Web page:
Each type of fossil is found only in a restricted range of rock layers (strata) – sometimes a large range, sometimes a small range. For instance, you just don’t find the familiar mammals anywhere except the top layers. These regularities are so good that oil companies employ experts in the subject in order to identify layers, the better to find oil deposits.

All this suggested to early geologists that the Earth is very old indeed, and that there was a succession of different creatures throughout this extremely long history. But many geologists still wanted to hold on to the Biblically derived model that the Earth was only thousands of years old – they clung to the idea that all those layers were deposited by Noah’s Flood. That hope finally died with the advent of modern dating techniques, which demonstrate that these rocks go all the way back to roughly 4 billion years ago. Here is a partial list of those dating methods:

Amino acid racemization (L-to-D) (AAR), Argon40 to argon-39 chronometric, Astronomical polarity time scale (APTS), 10Be/9Be isotopic analysis, chronostratigraphy (requires chronometric methods as well), Coral reef annual layering, Dendochronology (tree-ring), Deuterium-hydrogen isotope analysis, Electron spin resonance (ESR), Fission track dating, Fluorine-uranium-nitrogen analysis (FUN), Geomagnetic (archaeomagnetic/paleomagnetic) reversal time scale (GTRS), Geomagnetic secular variation (around magnetic pole), Helium dating, Infrared-stimulated luminescence, Lutetium-176 to hafnium-176 geochronology, Meteorite cosmic-ray exposure, Milankovitch cycle astrochronology, Neon-21 to helium-3 dating, Obsidian hydration analysis (OHA), Ocean sediment core analysis, Optically stimulated luminescence (OSL), Oxygen-16/Oxygen18 stable isotope analysis, Polar ice-sheet core, Potassium-40 to argon-40 chronometric, radiocarbon dating, Radioluminescence (RL), Radon-222-lead-210-lead-206 chronometric, Rhenium-187-osmium-187 chronometric, Rubidium-87-strontium-87 chronometric, Samarium-147-neodymium-143 chronometric, Strontium87 to strontium-86 chronometric, Tephrochronology, Terrestrial rock cosmic-ray exposure, Thermoluminescence (TL), Thorium-232-lead-208 chronometric, Uranium-235-lead-207 chronometric, Uranium-238-uranium-234-thorium-230-radium-226-lead-206 chronometric (U-series) and Varve analysis.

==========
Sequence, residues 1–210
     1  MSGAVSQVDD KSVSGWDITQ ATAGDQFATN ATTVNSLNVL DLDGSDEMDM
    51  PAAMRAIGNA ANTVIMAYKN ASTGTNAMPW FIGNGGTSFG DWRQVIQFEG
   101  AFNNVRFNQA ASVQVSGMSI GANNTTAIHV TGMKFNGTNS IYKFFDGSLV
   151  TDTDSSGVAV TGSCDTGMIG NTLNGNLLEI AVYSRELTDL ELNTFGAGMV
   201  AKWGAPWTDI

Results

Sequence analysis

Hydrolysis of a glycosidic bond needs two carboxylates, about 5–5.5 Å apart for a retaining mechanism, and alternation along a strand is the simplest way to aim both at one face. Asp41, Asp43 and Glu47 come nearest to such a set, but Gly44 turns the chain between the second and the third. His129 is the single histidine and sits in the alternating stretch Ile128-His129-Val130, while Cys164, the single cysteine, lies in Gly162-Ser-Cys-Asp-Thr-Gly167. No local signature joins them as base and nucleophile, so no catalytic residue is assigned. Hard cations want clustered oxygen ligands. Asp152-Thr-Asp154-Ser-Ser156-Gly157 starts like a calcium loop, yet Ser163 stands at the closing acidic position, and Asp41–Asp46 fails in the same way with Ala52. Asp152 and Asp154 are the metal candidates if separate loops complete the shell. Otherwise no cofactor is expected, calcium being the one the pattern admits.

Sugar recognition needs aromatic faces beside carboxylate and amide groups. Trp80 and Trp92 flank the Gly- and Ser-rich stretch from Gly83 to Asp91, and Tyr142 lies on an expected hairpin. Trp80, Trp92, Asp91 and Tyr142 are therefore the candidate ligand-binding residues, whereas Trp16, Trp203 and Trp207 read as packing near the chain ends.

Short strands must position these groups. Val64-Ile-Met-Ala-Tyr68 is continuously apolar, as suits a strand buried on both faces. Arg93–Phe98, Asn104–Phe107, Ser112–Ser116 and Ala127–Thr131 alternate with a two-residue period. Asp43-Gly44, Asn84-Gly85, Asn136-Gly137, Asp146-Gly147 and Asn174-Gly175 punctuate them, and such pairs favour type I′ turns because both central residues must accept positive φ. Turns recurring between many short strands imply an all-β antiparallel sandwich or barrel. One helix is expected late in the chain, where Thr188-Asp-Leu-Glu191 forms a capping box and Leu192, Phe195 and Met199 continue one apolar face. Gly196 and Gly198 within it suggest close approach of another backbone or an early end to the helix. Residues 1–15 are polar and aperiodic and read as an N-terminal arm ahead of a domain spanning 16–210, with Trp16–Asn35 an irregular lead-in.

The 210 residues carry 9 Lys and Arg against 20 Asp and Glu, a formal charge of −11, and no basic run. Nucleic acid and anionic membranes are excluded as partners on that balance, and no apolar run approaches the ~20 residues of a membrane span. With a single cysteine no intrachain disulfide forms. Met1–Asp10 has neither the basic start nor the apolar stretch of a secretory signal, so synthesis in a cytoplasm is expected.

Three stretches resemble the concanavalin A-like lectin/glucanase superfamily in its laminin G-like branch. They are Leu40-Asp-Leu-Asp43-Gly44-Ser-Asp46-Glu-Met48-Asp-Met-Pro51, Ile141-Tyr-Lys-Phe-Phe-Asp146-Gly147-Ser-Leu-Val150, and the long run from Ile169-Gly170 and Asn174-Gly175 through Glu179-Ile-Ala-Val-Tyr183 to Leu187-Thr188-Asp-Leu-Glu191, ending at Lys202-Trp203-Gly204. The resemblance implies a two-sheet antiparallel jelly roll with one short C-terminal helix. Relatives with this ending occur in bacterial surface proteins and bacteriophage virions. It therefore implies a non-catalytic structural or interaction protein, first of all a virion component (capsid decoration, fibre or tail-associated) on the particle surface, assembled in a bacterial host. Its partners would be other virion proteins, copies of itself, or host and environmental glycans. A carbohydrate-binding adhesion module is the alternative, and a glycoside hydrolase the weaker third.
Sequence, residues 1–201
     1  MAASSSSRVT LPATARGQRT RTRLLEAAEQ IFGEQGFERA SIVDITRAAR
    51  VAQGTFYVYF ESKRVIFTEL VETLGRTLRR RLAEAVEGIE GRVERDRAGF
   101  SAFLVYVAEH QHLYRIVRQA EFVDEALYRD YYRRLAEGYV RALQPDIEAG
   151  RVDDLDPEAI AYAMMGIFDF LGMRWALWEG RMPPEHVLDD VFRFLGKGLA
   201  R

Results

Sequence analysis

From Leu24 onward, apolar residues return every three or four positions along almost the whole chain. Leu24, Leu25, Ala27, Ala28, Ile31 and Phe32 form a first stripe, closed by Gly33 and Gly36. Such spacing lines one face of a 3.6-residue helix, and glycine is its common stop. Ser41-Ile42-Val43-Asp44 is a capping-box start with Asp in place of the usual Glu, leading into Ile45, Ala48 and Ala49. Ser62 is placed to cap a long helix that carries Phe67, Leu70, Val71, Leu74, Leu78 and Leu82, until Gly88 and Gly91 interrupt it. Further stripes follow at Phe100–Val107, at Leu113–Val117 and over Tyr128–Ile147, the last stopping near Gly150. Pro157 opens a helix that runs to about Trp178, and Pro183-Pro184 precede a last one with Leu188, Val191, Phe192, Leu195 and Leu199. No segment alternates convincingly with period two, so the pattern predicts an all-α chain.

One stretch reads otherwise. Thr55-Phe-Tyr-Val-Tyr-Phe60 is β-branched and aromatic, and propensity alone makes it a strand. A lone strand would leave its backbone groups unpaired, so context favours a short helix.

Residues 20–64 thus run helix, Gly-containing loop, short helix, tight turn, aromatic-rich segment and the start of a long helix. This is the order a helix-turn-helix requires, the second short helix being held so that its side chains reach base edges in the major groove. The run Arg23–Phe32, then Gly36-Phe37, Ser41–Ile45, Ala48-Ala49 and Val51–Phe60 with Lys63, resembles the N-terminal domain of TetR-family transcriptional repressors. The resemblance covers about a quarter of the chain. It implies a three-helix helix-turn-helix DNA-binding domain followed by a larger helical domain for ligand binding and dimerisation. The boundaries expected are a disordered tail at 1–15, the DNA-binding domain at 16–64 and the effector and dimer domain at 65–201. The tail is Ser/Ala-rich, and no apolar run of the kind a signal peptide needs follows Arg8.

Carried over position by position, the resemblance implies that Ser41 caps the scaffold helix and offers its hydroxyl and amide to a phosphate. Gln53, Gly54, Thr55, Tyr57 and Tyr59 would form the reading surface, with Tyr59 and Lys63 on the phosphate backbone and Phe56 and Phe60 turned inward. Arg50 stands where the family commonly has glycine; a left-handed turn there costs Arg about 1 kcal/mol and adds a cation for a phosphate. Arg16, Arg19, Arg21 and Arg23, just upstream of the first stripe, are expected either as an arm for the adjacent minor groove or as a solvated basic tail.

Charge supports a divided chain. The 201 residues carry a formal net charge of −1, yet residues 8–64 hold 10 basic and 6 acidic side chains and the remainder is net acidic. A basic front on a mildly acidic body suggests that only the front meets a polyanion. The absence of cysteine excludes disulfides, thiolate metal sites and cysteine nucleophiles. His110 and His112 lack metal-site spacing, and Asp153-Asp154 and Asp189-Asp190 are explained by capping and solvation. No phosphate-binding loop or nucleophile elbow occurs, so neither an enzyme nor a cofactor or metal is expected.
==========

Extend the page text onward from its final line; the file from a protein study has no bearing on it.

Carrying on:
Each method covers only a certain time range, from a few thousand years to billions of years. In each case, we take some natural process that changes with time, we measure its pattern of change today, and use that information to infer the dates of old things the process has affected. The marvellous thing is that we have so many completely different independent dating techniques that all agree where they overlap that we can be certain that we’re dating the rock layers correctly. Anyone who is not desperately hanging on to the inerrancy of Genesis will see that this is proof of an old Earth, and proof of the succession of organisms.

What can young earth creationists do with this evidence? They’re forced into contortions you wouldn’t believe: